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LatAm Miners Coming Back
01/10/2013 6:00 am EST
Low but rising expectations are on board for mining operations in Latin America, observes Rudy Martin of Latin Stock Investing.
Standard & Poor's Ratings Services announced that it views the outlook on the Latin America's crucial metals and mining sector for 2013 as mostly stable. "Metal prices should continue to drop in 2013," S&P said, "but given the still relatively high prices for some products, such as copper and iron ore—and several producers' low-cost positions—we expect companies to post adequate cash flows and benefit from strong liquidity."
The S&P report noted that overall, companies in the region benefit from strong business risk profiles. "Out of the 18 companies we rate, over 70% are in the 'BBB' category, and only five have speculative-grade ratings," the ratings firm said. "The investment-grade rated companies generally have good financial flexibility because of their ample internal cash generation and good access to the debt markets."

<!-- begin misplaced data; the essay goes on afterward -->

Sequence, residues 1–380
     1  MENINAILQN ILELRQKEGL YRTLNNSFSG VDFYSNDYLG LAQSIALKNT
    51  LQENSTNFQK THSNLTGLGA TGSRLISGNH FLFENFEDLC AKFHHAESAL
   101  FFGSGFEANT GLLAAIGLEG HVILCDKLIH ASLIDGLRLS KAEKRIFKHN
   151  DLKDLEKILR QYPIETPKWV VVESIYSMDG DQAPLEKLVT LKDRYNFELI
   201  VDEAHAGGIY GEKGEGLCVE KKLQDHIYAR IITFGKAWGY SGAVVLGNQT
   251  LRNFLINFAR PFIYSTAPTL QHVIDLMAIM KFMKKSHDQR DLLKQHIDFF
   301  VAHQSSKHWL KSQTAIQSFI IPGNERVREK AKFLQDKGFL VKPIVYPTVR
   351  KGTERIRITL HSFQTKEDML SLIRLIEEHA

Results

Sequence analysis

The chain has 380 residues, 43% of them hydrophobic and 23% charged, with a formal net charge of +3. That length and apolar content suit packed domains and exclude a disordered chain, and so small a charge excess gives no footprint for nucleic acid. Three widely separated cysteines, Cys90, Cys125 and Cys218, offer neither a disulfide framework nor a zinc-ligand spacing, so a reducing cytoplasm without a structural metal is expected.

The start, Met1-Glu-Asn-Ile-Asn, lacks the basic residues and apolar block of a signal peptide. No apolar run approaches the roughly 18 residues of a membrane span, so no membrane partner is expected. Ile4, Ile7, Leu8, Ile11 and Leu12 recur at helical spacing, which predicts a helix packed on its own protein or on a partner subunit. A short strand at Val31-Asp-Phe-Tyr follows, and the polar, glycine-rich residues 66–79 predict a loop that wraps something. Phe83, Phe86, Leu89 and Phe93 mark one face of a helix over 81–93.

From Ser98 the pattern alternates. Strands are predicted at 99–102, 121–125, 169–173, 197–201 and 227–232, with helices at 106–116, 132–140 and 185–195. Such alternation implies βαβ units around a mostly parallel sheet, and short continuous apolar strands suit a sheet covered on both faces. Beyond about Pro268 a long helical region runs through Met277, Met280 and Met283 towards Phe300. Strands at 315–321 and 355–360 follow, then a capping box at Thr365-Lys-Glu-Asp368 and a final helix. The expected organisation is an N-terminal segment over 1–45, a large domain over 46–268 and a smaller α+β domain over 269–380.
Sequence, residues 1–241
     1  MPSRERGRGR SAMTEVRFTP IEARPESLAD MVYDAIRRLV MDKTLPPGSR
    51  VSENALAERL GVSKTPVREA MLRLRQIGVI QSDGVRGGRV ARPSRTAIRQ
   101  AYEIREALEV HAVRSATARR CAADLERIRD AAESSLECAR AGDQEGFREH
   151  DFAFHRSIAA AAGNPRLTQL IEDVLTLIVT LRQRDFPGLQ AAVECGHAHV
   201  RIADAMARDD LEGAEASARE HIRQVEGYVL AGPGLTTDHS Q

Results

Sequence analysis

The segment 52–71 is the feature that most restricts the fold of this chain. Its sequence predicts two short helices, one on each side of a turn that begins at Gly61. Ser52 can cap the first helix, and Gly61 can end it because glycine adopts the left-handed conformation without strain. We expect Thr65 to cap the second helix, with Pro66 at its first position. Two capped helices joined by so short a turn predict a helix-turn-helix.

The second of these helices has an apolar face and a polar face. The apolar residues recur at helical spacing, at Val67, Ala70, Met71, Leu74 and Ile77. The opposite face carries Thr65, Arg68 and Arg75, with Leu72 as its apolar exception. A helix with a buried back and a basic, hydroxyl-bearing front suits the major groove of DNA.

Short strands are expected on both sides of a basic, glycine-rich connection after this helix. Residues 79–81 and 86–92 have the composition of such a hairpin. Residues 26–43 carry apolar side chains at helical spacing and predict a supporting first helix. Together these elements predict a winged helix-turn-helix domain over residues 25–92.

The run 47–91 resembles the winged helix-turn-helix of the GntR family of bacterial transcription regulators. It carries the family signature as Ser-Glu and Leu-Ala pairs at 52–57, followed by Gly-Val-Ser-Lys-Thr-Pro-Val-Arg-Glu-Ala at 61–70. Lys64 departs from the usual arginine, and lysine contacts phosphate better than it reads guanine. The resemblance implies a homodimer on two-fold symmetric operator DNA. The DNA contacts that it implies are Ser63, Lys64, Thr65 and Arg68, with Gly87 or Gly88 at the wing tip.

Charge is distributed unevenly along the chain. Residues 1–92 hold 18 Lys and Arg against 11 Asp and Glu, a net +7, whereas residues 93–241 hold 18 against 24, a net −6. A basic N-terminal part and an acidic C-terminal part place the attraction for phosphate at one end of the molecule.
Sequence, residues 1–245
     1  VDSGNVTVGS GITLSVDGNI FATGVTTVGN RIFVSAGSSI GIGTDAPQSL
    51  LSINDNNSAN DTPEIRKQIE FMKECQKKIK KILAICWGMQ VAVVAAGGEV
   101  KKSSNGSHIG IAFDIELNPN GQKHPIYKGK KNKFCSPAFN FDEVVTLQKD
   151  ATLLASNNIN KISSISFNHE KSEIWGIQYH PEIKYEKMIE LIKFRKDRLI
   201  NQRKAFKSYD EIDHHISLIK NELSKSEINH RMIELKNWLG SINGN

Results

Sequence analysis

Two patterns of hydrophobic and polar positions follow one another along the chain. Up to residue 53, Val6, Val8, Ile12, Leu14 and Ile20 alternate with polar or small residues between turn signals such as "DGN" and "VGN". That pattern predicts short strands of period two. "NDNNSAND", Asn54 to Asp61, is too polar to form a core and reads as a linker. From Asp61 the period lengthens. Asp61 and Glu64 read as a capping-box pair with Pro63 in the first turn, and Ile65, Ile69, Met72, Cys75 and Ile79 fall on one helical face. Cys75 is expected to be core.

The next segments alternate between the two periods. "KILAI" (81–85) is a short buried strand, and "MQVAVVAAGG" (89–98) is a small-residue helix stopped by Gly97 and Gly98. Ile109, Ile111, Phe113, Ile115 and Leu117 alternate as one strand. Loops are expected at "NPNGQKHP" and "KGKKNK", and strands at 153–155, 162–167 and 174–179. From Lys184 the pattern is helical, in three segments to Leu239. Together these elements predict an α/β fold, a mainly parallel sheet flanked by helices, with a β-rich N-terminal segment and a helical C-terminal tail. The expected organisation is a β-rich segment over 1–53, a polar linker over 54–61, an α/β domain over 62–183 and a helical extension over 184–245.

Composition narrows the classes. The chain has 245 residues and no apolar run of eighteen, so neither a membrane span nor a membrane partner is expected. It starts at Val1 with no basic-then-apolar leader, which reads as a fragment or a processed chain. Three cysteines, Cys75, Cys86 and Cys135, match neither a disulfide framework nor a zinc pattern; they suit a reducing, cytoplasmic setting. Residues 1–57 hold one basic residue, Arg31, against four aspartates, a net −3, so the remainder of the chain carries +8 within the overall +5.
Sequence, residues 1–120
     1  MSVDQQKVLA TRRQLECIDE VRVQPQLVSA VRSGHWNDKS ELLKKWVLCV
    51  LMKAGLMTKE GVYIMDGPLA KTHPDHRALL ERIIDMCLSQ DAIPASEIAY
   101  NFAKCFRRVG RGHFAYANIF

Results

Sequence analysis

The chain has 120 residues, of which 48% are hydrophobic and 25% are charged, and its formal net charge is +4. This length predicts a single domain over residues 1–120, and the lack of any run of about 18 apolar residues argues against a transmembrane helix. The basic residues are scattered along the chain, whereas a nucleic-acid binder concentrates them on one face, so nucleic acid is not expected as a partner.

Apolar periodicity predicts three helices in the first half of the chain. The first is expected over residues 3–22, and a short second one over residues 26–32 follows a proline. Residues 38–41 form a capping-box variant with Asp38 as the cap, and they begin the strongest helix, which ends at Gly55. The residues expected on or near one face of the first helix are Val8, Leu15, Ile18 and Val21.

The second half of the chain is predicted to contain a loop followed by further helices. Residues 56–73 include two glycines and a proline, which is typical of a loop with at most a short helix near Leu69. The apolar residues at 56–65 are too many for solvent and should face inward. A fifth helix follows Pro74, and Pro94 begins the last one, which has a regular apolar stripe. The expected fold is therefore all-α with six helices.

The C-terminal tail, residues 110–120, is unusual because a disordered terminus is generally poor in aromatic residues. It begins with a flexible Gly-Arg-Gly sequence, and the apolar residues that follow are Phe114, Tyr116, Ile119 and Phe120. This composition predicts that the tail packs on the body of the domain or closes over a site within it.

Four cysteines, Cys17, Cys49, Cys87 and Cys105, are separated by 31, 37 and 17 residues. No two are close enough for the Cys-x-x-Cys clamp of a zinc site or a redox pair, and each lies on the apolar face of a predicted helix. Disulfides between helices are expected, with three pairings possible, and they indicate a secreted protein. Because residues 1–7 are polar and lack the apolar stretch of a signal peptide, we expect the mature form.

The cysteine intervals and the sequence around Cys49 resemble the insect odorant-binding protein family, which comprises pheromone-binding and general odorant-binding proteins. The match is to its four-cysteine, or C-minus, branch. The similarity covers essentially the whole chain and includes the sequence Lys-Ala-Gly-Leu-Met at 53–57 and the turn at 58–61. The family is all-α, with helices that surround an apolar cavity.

While economic growth in Latin America has slowed in line with the global economy, S&P said it expects real GDP growth for the region to average about 2.7% this year and then recover to around 3.5% in 2013, assuming Brazil's economy picks up following a number of fiscal incentives and more flexible monetary policies. "We expect economic growth in Chile, Mexico, and Peru to remain about the same as in 2012," S&P noted. "Domestic demand in these countries was strong enough to offset the drag from abroad, and we expect this trend to continue in 2013."
The prospects for slower global economic growth will continue to keep a lid on metals and mining product prices, in S&P's view. It feels that sovereign distress in Europe and uncertainty due to potential fiscal adjustments in the US could add to commodity price volatility. S&P's "base case scenario" is for growth in the US to hold fairly steady, up slightly to 2.3% in 2013 from 2.1% in 2012, while Chinese GDP will accelerate to 8.2% in 2013 from 7.5% in 2012, while Europe will contract around 0.8% in 2012, with no growth for 2013.
"As a result we expect small price increases in iron ore and copper exports from Latin America or potentially marginal drops from current levels," reports S&P. "We also predict that steel prices will remain mostly flat due to excess supply and subdued demand in the developed world. In terms of cost inputs, we expect pressures on labor costs and some volatility in energy prices, which we assume the companies can absorb without significant impact on their operating margins."
Related Reading:China Is Coming Back
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